Joy Division: Piece by Piece

Joy Division: Piece by Piece

by Paul Morley

Joy Division: Piece By Piece encompasses his complete writings on the group, both contemporary and retrospective.

Morley, who emerged from Manchester at the same time as Joy Division, effortly evokes that citys zeitgeist and psycho-geography to tell the story of this uniquely intense group.

  • Language: English
  • Category: Music
  • Rating: 3.80
  • Pages: 384
  • Publish Date: January 28th 2008 by Plexus Publishing
  • Isbn10: 0859654044
  • Isbn13: 9780859654043

What People Think about "Joy Division: Piece by Piece"

Joy Division, for me, is one of those things - 'ground zero' in my comprehension of rock music and the most life-changing band ever, comparable to Kubrick's Clockwork Orange or Borges' Labyrinths as an artistic epiphany. Mum to Dad as the tension mounted: 'I can't believe you like this.' Dad to Reed (who perhaps was not as hypnotised as I was) re Curtis: 'Look at him. I only bought it for the lyrics (back then I didn't have the internet), and read the main body of the text grudgingly, curious despite myself but incensed that the first major book on my favourite band should contain so little information on the music. Worse still, mention Joy Division these days (since Touching..., since Control) and you're as likely to get the response 'Ian Curtis was a bastard!' as any kind of meaningful comment on the music. Me, I could give two shits what Curtis did in his spare time, which is why when it comes to recommending a book on his band I'm gonna have to make it this one, despite its faults. And another fact almost (but only almost) absolves him, and all the key players, of such congenital wankery: in the late 70s Manchester really was the site of some sort of minor miracle, which allowed four boys from the provincial grey suburbs to create a sound that not only epitomised urban European sophistication but seemed to have come from Mars. No exaggeration, the story of Joy Division is or should be one of the most moving in rock music. The documentary simply entitled Joy Division which came out soon after Control will help a little more.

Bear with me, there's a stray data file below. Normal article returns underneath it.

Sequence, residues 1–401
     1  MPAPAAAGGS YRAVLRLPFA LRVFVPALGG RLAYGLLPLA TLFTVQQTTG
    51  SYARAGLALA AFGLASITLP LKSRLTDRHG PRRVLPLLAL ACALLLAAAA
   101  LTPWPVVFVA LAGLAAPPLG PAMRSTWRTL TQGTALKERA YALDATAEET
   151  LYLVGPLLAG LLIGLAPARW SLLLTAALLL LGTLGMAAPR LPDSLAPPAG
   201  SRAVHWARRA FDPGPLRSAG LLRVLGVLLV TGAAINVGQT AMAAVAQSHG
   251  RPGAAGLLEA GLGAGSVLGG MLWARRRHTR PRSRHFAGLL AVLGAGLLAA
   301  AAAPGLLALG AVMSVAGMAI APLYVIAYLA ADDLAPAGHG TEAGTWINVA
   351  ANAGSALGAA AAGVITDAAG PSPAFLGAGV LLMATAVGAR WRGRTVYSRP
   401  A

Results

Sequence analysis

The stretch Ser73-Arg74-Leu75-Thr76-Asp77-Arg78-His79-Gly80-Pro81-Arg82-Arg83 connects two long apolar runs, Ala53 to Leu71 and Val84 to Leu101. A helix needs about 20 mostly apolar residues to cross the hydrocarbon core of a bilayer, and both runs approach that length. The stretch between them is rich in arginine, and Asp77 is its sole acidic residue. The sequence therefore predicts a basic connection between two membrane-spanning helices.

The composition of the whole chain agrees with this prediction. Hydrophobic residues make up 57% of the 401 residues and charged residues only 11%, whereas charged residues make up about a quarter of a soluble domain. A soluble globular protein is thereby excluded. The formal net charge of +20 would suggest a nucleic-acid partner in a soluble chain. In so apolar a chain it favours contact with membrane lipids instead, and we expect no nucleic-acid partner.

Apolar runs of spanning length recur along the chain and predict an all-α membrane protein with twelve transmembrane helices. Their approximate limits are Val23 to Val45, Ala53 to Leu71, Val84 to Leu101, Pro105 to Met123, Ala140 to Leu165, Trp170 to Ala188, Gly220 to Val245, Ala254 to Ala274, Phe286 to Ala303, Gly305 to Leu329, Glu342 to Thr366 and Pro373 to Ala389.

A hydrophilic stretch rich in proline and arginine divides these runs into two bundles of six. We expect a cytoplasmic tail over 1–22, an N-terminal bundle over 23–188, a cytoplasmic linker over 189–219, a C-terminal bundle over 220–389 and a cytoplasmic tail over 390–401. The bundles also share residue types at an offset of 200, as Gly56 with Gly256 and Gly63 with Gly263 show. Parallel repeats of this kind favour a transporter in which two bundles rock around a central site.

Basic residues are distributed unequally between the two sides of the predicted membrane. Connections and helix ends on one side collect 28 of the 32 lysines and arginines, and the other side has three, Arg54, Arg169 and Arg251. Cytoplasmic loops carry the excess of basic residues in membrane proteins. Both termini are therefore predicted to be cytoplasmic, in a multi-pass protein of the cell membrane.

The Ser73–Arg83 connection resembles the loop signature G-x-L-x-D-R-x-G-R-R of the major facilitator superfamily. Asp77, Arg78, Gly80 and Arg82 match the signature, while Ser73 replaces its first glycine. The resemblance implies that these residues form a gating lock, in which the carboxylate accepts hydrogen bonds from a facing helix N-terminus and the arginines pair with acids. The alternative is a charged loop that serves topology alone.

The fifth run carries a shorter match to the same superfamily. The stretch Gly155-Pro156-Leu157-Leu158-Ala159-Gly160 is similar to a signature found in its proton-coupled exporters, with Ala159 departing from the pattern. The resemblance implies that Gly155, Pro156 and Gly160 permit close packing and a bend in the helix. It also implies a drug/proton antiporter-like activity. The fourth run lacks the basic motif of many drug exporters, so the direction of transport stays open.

Morley's writing is the opposite: he says so little with so much and deliberately attempts to speak over people's heads in a way that - I have to think - is done in an insecure attempt to prove his own intellectual superiority.

As the proto-punk Warsaw morphed into the post-punk Joy Division, as lead singer Ian Curtis found his true voice, as Hooky's bass shook the very foundations of Manchester, Morley was there to write about it. It took him almost 30 years to write the definitive book on Joy Division, the book that Tony Wilson always thought he would/could write. Piece by Piece is that book and what it reveals is the complex relationship that Morley had not only with Joy Division but also with death. Morley took 30 years to work out what he had to say and how he had to say it and why he had to say it and in what way he had to say it. Slowly, over many years, as Joy Division were repackaged and resold and the story was spun by others into Myth, Morley wrote about them again and again and each time more pieces of the puzzle fell into place. Eventually he would write a book called Nothing that dealt with his father's suicide (even if it opens with him being shown, by Wilson, the dead body of Ian Curtis).

Paul Morley writes about Joy Division... Because Morley's writings on Joy Division over thirty years become something other than a collection of reviews and recollections when placed one after the other and stitched together with backwards glances, they become a rosary of sorts.

And it's obviously interesting to read what Morley, as the Manchester Punk correspondent for the NME, wrote about Joy Division as they developed from just another new local band into something truly special, but as a bonus Morley also looks back at them and reflects in typically Morley marmite style. The NME obituary (co-written by Adrian Thrills) isn't the classic piece we would probably expect if we hadn't already read Morley's introduction to it.

Morley's writing is the opposite: he says so little with so much and deliberately attempts to speak over people's heads in a way that - I have to think - is done in an insecure attempt to prove his own intellectual superiority.